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Carbon steel pipe yield

  1. May 18, 2015 #1
    i have built a pipe rack made out of carbon steel and needing to know how to figure out how much weight it will carry. the longest horizontal piece is 4" sch 40 x 60 inches long welded to 8" sch 40 carbon steel.
    just trying to see if there is a chart of some sort
     
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  3. May 18, 2015 #2

    SteamKing

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    It's going to depend on the pipe material and the grade of pipe you are planning to use. Regular Grade A carbon steel pipe generally has a minimum yield of 30 ksi, which is slightly lower than mild steel. Grade B pipe has a slightly higher yield at 35 ksi.

    It will also depend on the geometry of your pipe rack. Do you have any sketches of it?
     
  4. May 18, 2015 #3
    i am new at this posting and not sure how to get you a pic of what i have constructed but it is very typical of a pipe rack with 4 vertical 8" sch 40 A53 PIPE with 4" sch 40 A53 horizontal pipes welded to the 8" and was trying to figure out how to figure how much weight each level will carry. they just come off of the 8" and there is not a support at the other end of the 4" so i can load the rack from the side and not have to push it in from the end of the rack. was wondering if there is some way to figure out how much weight will it carry at the end of the 60" pieces before they would start to give way.
     
  5. May 18, 2015 #4

    SteamKing

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    I'm still not sure what this pipe rack looks like.

    I get that there are 4 vertical supports. What are the dimensions of the pipe rack, i.e., how long, how wide, how high?

    If you have something like an Acrobat picture or a photo from a phone, you can upload it from your computer by hitting the "Upload" button at the bottom of the Reply Box. You can then browse to the location of the picture on your computer and upload it to PF.
     
  6. May 18, 2015 #5
    here is a quick layout of what i have set up now just needing to know how to figure out the max load of each level just making sure that i do not need any extra support for each of the horizontal pipes i am loading the rack with steel pipe of all sizes.
    hope you can help me out with this i am building a steel fabrication shop for plumbing and mechanical work we do and trying to use up the excessive amount of steel pipe that comes off of my projects.
    thank you
     

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  7. May 18, 2015 #6

    SteamKing

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    Couple of follow up questions about this rack:

    1. What sort of vertical spacing are you planning for the 4" pipe supports?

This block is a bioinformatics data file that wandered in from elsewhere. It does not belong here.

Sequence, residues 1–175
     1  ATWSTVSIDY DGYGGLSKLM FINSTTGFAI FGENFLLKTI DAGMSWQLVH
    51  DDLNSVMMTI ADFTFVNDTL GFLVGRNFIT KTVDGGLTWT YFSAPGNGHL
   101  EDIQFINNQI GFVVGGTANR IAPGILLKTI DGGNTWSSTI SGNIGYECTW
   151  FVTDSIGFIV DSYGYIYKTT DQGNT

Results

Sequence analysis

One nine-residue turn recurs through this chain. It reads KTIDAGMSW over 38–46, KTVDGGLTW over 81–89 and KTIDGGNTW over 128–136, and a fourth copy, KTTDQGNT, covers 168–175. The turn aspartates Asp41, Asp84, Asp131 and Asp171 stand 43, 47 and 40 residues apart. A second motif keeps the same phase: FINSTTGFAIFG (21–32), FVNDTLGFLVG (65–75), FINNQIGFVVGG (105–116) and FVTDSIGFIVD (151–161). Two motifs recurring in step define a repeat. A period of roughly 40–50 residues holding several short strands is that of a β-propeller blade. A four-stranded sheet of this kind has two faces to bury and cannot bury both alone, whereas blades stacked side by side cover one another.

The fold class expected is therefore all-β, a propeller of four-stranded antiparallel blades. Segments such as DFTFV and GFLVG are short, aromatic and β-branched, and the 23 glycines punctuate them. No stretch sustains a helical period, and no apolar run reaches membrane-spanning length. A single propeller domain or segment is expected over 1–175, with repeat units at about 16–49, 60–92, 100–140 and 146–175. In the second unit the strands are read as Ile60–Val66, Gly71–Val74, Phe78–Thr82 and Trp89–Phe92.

2. Do the 4" pipe x 6' long pieces rest on the ground, or is this rack suspended from the overhead of a building in some fashion?
    3. Are the four 8" pipe stanchions tied together to each other? How are the 8" pipe stanchions kept from toppling into one another?

    [Post edited with additional questions]
    4. On your sketch, you say the 8" stanchions are Schedule 40, but there is also a note which says "All pipe is .25 thickness)
    The attached Pipe Schedule Table shows that 8" Sch 40 pipe has a wall thickness of 0.322". An 8" Sch 20 pipe has a wall thickness of 0.25". Please confirm the specs for the 8" pipe.

    ansi-pipe.jpg
     
    Last edited: May 18, 2015
  8. May 20, 2015 #7
    (1) - the 4" horizontal supports are spaced 2' - 6"
    (2) - the 6' bottom horizontal pieces rest on the floor they are part of the support that will keep it from falling forward and i have an additional support that starts at the top of the 8" stantions and comes down at a slight angle to the bottom of the stantion to help with the force of pulling the stations forward when the rack gets loaded. each of the horizontal pieces are welded to this piece also.
    (3) - see attached drawing
    (4) - my mistake the 8" pipe is .332 everything is sch 40 A35 blk stl carbon pipe.
    Thank you for helping with this and hope i have enough info for you to give me a way to determine how much weight can be loaded on each level i know the longer the horizontal pieces are the more the chance of bending them past the point of them not springing back to normal once the load is removed.
    normally i have been using 4 x 2 x 1/4" rectangular tube stl but i have an abundance of this material and trying to make good use of it instead of scraping it.
     

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